As Workers Stream Back, Gov’t Scrambles to Respond
By | June 21, 2014

More than 1 percent of Cambodia’s population has returned from Thailand since the country’s military took power in a coup d’etat late last month, fleeing a regime intent on cleaning the country’s labor force of illegal immigrants.

Some 200,000 Cambodians, most citing rumors of arrest and violence by the Thai army toward illegal migrant workers, have left or been forced out of their jobs and found their way back across the border.

A woman carries her daughter on her lap after getting off the truck at the Poipet international checkpoint. (John Vink)

A woman carries her daughter on her lap after getting off the truck at the Poipet international checkpoint. (John Vink)

At the Poipet border crossing, where the vast majority of workers have re-entered the country, the government has shown unusual efficiency, sending soldiers and military trucks to tend to exhausted workers and send them back to their home provinces. Volunteers with the Cambodian Red Cross, Scouts and other youth groups have provided a steady supply of food and water.

Though the Labor Ministry places the number of Cambodian workers in Thailand at about 90,000, estimates from rights groups and the Thai government place the number at more than 400,000. Facing limited job prospects and low wages at home, Thailand’s robust economy has been a magnet for impoverished Cambodians.

Cambodian migrant workers arrive at the Poipet border crossing in Banteay Meanchey province. (John Vink)

Cambodian migrant workers arrive at the Poipet border crossing in Banteay Meanchey province. (John Vink)

“If you do the same job in Cambodia and in Thailand, you earn about three times the salary in Thailand,” said Tun Sophorn, national coordinator for the International Labor Organization. Employers in Thailand also offer benefits, such as free meals and lodging, that aren’t provided in Cambodia. Over the past five years, Mr. Sophorn said, sophisticated recruitment networks have been formed to bring illegal Cambodian workers into the Thai labor force.

For Cambodians, going through the legal process to emigrate into Thailand is often prohibitive. “If you were to go through legal channels, you may take a longer time and spend more money than if you go through illegal channels,” Mr. Sophorn said. “That is why you have such a large undocumented population [of Cambodian workers] in Thailand.”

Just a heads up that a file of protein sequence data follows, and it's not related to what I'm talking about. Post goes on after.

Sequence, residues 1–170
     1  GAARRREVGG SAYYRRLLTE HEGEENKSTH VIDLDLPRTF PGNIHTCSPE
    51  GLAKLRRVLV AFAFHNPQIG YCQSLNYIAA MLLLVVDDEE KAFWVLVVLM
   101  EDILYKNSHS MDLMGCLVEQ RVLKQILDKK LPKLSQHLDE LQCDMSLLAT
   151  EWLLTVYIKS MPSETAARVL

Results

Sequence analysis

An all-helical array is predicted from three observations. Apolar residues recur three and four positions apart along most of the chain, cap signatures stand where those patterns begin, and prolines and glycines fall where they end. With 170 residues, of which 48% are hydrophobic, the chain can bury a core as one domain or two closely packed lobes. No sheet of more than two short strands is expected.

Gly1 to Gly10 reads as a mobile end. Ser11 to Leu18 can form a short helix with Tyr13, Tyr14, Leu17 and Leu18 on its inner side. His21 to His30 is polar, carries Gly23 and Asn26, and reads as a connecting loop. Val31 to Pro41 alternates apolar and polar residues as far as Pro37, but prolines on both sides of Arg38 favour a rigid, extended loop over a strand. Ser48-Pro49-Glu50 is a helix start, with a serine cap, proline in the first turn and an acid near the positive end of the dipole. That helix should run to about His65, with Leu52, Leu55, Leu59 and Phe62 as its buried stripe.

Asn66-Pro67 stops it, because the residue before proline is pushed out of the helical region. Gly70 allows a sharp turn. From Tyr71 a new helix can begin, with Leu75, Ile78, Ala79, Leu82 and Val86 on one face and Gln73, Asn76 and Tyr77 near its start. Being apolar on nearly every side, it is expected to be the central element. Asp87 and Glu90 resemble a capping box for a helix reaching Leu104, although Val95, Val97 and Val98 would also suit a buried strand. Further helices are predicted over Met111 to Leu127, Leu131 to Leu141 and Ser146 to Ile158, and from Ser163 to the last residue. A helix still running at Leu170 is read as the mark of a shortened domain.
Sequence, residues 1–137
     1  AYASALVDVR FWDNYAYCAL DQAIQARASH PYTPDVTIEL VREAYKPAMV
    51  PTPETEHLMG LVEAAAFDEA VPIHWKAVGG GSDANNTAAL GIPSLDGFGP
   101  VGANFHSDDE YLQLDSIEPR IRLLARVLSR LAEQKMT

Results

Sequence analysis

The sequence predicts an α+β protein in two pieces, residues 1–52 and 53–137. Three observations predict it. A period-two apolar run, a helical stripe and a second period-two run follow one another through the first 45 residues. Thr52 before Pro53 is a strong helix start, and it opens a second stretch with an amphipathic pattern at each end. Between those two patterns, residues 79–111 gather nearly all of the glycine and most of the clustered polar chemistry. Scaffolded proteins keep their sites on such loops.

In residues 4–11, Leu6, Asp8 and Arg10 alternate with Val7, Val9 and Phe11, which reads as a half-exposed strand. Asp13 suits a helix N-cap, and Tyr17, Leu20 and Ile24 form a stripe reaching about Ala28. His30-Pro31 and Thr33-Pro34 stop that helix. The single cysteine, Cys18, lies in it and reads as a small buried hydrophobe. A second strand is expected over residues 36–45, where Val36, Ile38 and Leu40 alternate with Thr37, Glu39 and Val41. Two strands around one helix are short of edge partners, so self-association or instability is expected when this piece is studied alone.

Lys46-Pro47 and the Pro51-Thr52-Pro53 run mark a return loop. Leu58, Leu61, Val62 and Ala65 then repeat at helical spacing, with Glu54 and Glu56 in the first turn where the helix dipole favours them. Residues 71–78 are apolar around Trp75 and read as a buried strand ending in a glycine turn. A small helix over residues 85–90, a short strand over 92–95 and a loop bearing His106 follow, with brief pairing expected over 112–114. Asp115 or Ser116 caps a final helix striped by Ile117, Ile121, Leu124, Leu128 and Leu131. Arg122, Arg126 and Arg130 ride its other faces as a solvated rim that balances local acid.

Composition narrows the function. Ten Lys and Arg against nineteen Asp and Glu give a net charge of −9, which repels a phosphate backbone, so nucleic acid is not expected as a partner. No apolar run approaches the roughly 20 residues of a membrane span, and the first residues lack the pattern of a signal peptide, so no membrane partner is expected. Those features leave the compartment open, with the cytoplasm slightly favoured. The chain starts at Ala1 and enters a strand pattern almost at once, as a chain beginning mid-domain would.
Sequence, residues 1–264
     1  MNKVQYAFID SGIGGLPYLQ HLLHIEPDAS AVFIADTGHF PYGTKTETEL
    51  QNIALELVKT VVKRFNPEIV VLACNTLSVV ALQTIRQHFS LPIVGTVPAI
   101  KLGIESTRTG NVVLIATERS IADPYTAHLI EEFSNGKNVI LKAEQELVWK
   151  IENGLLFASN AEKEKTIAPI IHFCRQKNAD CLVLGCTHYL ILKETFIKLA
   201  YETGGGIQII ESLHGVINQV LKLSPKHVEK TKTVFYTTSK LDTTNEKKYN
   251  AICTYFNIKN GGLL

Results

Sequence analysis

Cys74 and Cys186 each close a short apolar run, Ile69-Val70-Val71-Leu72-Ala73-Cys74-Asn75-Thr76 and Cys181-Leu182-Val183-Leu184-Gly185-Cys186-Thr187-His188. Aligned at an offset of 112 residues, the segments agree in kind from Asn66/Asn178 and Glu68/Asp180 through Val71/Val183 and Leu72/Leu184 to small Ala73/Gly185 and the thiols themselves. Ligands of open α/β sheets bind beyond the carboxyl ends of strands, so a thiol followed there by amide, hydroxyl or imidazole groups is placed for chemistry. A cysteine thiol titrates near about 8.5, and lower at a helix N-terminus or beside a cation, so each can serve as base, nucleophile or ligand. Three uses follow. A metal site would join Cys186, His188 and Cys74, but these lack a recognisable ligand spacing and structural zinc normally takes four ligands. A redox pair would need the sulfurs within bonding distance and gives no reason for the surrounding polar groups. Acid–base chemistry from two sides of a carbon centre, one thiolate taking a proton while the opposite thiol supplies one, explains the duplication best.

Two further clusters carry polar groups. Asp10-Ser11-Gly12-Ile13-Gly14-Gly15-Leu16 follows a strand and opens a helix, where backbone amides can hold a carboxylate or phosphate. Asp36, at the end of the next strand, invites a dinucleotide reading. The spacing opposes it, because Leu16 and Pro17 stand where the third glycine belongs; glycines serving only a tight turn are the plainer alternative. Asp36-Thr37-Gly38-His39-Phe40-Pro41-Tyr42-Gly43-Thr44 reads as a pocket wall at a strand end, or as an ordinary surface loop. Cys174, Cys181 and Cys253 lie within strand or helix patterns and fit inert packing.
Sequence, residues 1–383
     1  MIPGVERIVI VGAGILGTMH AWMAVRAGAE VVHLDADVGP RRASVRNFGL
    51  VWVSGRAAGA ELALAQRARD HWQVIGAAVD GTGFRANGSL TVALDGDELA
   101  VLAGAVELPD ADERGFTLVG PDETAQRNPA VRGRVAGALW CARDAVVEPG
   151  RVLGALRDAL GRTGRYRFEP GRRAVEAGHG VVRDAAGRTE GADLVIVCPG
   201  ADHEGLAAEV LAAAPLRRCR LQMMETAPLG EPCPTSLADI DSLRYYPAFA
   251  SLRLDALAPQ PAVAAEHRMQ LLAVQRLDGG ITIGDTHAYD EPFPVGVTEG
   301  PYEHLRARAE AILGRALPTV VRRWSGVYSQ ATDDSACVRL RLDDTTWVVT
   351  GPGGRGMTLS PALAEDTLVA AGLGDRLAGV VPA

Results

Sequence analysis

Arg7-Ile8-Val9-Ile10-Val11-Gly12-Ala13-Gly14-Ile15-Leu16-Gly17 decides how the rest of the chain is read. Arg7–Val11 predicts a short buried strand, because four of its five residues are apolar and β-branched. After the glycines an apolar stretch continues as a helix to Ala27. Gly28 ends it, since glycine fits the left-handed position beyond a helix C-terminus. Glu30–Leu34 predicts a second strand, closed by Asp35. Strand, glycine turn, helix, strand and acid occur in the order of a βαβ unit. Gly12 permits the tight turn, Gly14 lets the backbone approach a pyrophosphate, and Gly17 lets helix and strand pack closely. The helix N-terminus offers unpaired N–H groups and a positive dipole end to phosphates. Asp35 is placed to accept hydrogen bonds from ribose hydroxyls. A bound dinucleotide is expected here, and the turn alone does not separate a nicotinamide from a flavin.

Workers on board a truck headed back to their home provinces after returning from Thailand. (John Vink)

Workers on board a truck headed back to their home provinces after returning from Thailand. (John Vink)

Now that about half of this migrant population is back in the country, the government is facing the challenge of what do with almost a quarter of a million people who had been making relatively good money and supporting their families through their jobs. “The government has to fulfill their obligation to respond to people who now don’t have the means to feed their family,” said Thun Saray, president of local rights group Adhoc.

“I think it will be hard to find jobs for 200,000 people. It’s hard because they left their country because they could not find work. Now when they are back it is hard for them,” he said. “That is the big job for the government.”

meyn@cambodiadaily.com

© 2014, The Cambodia Daily. All rights reserved. No part of this article may be reproduced in print, electronically, broadcast, rewritten or redistributed without written permission.

LATEST

Phnom Penh Governor Pa Socheatvong and municipal police chief Chuon Sovann hosted a ceremony at Olympic Stadium on Wednesday to award about $25 to each of the city’s police for keeping order in the year following last July’s disputed national election.

After eight months of confinement and rape—and two forced abortions—Ratha, then 17, says she escaped from the home of the Chinese man she had been sold to and found her way to the Cambodian Consulate in Guangzhou.

Interior Ministry spokesman Khieu Sopheak said Wednesday that the government will cooperate with the CNRP to review the country’s immigration laws and provide estimates of the number of Vietnamese migrants in Cambodia once the opposition’s 55 lawmakers swear into office.

Eight years ago, Lo Koon Piu left Hong Kong to set up a garment factory in Kandal province, leaving behind his family. Living more than 1,000 km from home, the owner of Wing Ying garment factory struggles to stay focused on his business.

Initial hearings opened Wednesday in the second phase of the trial against two of the most senior surviving leaders of the Khmer Rouge, Nuon Chea and Khieu Samphan, who are being tried on charges ranging from genocide to forced labor and other crimes against humanity.

The Cambodia Daily | All the News Without Fear or Favor | The Daily Newspaper of Record Since 1993